Like someone mentioned above, the title is really catchy, which is what drew me to read this blog post. It also drew me in because the title seems to be very relatable to me and my fellow students. The article was very relatable and I agree with the author and many others that the math doesn’t add up. It is way too expensive to go to college. Yes college should have a decent price attached to it, but not at an unreasonable cost. It is outrageous for a student to have to pay that much towards education, by taking out loans just as their parents are, and having to not fully pay off all those loans and interest attached until middle age. It also unfair to say the education their getting should be priced around that high of a number, especially when jobs are scarce or that specific education received is not valued high enough for the student to even receive a great job to pay of all this debt. The math doesn’t add up.
This post is very interesting. As a graduating college student starting to apply for jobs, I am finding the market is not a welcoming to undergraduate students as I thought it would be. Most of the jobs I have seen ask for 0-2 years of experience, however they want people getting their MBA’s instead of just undergrad students. So I don’t think college is a complete scam, however now that the market is so difficult to enter, business are asking for higher levels of education instead of just undergraduate students. I agree with the post above that says loans are high because students are supposed to be able to pay them back with the jobs they get when they graduate. But if we continue to higher education there is no guarantee that we will be able to find jobs then, and it could just add to our current pile of overwhelming debt.
The reality is harsh. Higher education is becoming more and more expensive from year to year. However, I still believe that education is still the best investment for the future. I think students have a difficult time finding employment due to the economical situation. The problem is that students are not required to do apprenticeships or internship programs during their studies in order to graduate, so when they graduate they do not have hands-on skills. In today’s market, employees are reluctant to invest money into new employees because of several reasons such as people with experience tend to move from job to job as soon as they gain experience and it is very costly. This article made me think of how it is a personal responsibility to create your own future.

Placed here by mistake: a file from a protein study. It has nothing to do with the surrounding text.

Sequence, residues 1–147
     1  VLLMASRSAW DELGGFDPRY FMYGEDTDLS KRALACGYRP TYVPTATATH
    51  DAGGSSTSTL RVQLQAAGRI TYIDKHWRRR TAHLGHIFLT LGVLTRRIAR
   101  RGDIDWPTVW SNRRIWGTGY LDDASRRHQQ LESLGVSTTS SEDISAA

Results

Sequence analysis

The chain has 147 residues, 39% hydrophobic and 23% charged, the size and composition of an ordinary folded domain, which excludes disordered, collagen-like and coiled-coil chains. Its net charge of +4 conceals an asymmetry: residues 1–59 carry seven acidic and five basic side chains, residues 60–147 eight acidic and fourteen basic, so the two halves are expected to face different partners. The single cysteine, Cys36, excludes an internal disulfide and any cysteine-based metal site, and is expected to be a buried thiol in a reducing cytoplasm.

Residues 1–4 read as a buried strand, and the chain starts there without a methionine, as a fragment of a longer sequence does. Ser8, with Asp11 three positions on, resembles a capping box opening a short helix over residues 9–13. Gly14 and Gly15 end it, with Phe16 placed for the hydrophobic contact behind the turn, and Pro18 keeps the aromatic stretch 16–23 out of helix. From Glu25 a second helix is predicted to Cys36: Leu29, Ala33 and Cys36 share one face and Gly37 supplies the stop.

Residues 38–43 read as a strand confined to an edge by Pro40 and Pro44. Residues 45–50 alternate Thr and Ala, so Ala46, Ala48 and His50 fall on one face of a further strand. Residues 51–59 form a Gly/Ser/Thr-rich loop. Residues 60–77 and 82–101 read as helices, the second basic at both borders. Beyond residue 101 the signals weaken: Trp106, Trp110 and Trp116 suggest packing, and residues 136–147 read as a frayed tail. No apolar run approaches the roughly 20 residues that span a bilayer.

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I would not necessarily say that college is a scam, but rather that the amount we pay is not all that much worth it anymore. Having a bachelor’s degree does not mean much anymore due to the influx of college graduates over the years. The meaningfulness of a college degree has been depleted due to the high population of people obtaining one. Therefore, a college degree is now standard, and thus it is not worth as much as the money that we are paying for this education. Furthermore, there is a lot that schools leave out and do not teach us that we all can probably benefit from that can be applied to our everyday life.
I would have to say that I don’t believe that College and the experience is a scam, but the price for universities are definitely a scam. Why should college be soo expensive which creates debt after you graduate if you take out a student loan. A loan at that which has interest, so it is accruing as time goes on, that’s ridiculous. I believe that the education should be FREE! People would say well then how would the universities make money and pay their teachers. First off the government could pay for it, they spend BILLIONS, if not trillions on war, invasion, warfare, guns, etc, that instead could be used for schooling. Universities, especially large ones makes tons of money off of sports games, football, basketball, etc, they charge people to get in and the stadiums are packed. It definetely seems like a scam
I do not believe it is a scam. I believe going to college and making it worth it depends on how much effort and hard work you put into it. I believe people are only scamming themselves if they believe that just by attending college that they should expect to be successful. A college degree is only supposed to help you become successful, it is not the absolute key to success though.
It is funny because when reading the title, my first instinct would be NO! But then even taking a look at the list of top ten highest returns, a lot of them are Ivy League schools. And when taking account the tuition from those schools it would seem weird that they were the highest returns because they are so expensive to attend and it would seem that the loans for those schools would be so much more.
But last quarter I took my senior seminar class where the professor was completely blunt and honest about the future, and he said that a lot of companies who hire and offer higher salaries are to the top ten or ivy league schools. He also said that where ever someone got their undergrad does not matter as much unless it is from Stanford, Notre Dame, etc. Then he also said to make it big you have to get your masters at one of those schools as well.
As unfair as what my professor said before, I believe it is true to some extent. Right now the current trend is more people are attending college from these student loans, but in order to make the big bucks I believe that someone needs to start their own business and not work for someone else. And in order to start your own company, one does not need a college degree. So all in all, I can see both sides of the spectrum.